What can I say? It works excellently as a pilot, and while the comedy aspect was always stronger post-crew, they still manage to take a jab at 1988 culture with some funny segments, especially the quoted interaction between the ship's computer and Dave when he wakes up.

Series One, Episode Two - Future Echoes

Ok. The first real test of the scenario. And it's a good one, to be honest. It really demonstrates the show's potential, and while not the creame of the crop, it still manages to be an entertaining piece.

Holly has decided to move up to lightspeed so as to have any chance of getting back to earth. Meanwhile, Lister is planning to stay in stasis with the Cat until they reach Earth. As a result of travelling faster than time, visions from the future appear on the ship, and the faster they go, the further into the future they can see.

Again, these half-hour episodes in the first series have very basic concepts, and yet they manage to stretch it out into a competant, coherant half-hour of decent comedy and excellent character drama.

Thanks.

Sunday, 20 June 2010

Opinion: Attractions of the Rhineland (Day 2/5)

Day Two

I awoke at 6 am. The sun was lovely, shing through the windows, as the bells in the local church rang as they had on the hour all night. I got dressed in clean clothes, finally managed to shake my roommate awake and then took my camera and walked down to explore the hotel, looking in other people's rooms and also inside the quad, which had a lovely set of gardens.

Breakfast consisted mainly of terrible German cereals or a round of toast. We assembled our "packed lunches", which consisted of a sandwhich, a German apple-juice carton and a little biscuit. Then we set off, to a large castle on a steep hill, whose name I really cannot remember. (ed: Marksburg Castle). It had a lot of interesting architecture from many different periods, with all sorts of brickwork and cobbling as well as room designs lasting over two thousand years, when it was a safeguard against the Roman advance into Germania. The guide was a woman in leather, that couldn't quite pronounce her vs. (Those over there are the winyards!)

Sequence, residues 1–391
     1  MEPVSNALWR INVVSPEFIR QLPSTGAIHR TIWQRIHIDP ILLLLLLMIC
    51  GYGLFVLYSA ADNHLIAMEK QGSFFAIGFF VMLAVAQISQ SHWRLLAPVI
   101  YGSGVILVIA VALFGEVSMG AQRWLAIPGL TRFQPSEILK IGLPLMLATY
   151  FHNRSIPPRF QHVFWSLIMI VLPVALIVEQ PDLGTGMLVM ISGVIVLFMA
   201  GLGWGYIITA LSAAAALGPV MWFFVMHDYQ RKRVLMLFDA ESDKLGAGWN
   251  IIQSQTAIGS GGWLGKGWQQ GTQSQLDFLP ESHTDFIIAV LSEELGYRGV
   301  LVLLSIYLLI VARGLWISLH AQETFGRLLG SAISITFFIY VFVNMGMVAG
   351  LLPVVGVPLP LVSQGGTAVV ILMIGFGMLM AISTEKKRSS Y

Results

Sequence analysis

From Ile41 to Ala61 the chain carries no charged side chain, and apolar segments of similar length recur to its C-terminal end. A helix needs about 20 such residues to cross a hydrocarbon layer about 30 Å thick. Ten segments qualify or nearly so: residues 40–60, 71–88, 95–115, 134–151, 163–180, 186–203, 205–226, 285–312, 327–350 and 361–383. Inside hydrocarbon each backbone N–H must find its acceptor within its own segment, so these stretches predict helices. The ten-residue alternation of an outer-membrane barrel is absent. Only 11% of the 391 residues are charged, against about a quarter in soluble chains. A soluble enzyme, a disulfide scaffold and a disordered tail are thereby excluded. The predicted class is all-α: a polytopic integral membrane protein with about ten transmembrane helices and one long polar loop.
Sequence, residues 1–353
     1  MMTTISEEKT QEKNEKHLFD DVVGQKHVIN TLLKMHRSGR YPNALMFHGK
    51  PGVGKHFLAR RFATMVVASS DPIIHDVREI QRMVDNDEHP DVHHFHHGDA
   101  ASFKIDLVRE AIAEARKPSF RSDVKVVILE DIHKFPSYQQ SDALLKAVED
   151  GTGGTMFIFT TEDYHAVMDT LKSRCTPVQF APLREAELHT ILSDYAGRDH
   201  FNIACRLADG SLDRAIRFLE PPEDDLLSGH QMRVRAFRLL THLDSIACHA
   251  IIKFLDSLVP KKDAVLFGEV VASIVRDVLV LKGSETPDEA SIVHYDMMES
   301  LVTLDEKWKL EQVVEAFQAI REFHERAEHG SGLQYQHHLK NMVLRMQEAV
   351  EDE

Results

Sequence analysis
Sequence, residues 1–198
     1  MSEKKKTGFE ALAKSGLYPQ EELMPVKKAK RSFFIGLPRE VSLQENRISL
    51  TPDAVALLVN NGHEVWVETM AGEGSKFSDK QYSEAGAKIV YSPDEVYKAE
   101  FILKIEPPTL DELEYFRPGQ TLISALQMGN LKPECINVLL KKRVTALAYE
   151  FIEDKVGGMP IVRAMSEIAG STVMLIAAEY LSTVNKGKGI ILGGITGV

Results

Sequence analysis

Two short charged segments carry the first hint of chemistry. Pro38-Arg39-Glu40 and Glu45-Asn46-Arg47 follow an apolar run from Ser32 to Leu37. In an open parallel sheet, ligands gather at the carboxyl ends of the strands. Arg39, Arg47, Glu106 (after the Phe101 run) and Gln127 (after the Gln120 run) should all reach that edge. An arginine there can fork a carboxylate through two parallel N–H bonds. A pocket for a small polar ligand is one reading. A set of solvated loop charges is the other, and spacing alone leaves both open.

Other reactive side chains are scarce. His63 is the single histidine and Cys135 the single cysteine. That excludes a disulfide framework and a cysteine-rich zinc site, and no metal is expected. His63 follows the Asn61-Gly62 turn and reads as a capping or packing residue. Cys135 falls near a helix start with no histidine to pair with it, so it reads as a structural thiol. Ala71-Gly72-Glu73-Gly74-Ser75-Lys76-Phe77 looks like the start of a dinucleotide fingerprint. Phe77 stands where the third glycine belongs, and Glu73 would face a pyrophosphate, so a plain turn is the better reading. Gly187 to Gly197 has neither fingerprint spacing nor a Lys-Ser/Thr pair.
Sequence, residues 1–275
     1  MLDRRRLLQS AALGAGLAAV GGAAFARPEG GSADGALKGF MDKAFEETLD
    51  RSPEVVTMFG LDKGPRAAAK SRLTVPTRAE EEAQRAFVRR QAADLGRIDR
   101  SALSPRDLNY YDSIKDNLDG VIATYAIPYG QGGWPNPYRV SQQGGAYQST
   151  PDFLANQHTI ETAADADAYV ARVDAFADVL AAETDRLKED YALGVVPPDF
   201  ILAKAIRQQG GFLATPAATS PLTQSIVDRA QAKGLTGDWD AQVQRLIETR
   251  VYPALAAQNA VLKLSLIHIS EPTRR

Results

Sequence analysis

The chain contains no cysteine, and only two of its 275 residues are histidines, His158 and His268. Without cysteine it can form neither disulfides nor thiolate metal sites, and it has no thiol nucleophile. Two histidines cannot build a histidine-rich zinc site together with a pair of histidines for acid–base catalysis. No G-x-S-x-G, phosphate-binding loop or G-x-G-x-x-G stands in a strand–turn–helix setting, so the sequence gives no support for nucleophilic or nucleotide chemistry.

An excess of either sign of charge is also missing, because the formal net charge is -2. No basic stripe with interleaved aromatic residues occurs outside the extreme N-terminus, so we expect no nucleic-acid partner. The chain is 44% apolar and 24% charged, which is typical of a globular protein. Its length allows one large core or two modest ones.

After that we went to the chairlift in the local town in Boppard, which was a bit like a ski-lift except that you certainly would not want to be falling from it. On the way up the views I met another boy, who was sharing a room with some of my other friends. Wishing to avoid another night of snoring, I offered a swap, and there the deed was done. At the top of this cliff there was a lovely natural park and the edge had remarkable views of the Rhine valley. There we ate our lunch and met a stray dog.

At the bottom of the mountain we went into the town on one of those train thingymajigs, and we were immersed in the culture. What my budgeting self found particularly enjoyable was a shop I've mentioned before, called Pennymarkt, which was like Lidl, but so much more inviting due to our low budgets. I didn't find any souvenoirs here though.

Heading back to the coach, we drove to a bowling alley. The bowling was, well, exactly the same as bowling here in Britain. As a great man once said, "Bowling is Bowling." When we got back, the evening meal was chickpea soup, a wonderful spaghetti bolognaise and some sort of strawberry mousse. At the bequest of some of the more footbally footballers, we walked to a football field where they played football and I played on the Gameboy Advance. (I know, right?)

Then, I realised the horror of my earlier choice to swap. This parter was perhaps one of the most increasingly annoying people I had ever met. While I was trying to sleep, he was watching football and speaking to his friends on loudspeaker. It was enough to disturb my sleep accidentally - but when it was conscious, something had to be done. But not tonight. Tonight I had to sleep.

Thanks.

Saturday, 19 June 2010

Review: Doctor Who: The Pandorica Opens

The Urban Dictionary describes a fangasm as "A mental or emotional climax obtained by an obbsessive fan of a series." This episode is designed for this reaction, and while messy in places, it serves as brilliant entertainment. Spoilers follow.

Vincent Van Gogh has painted a painting of the Tardis exploding, which is left to Winston Churchill who telephones River Song who steals the painting in the future while meeting Liz 10 and are you keeping up?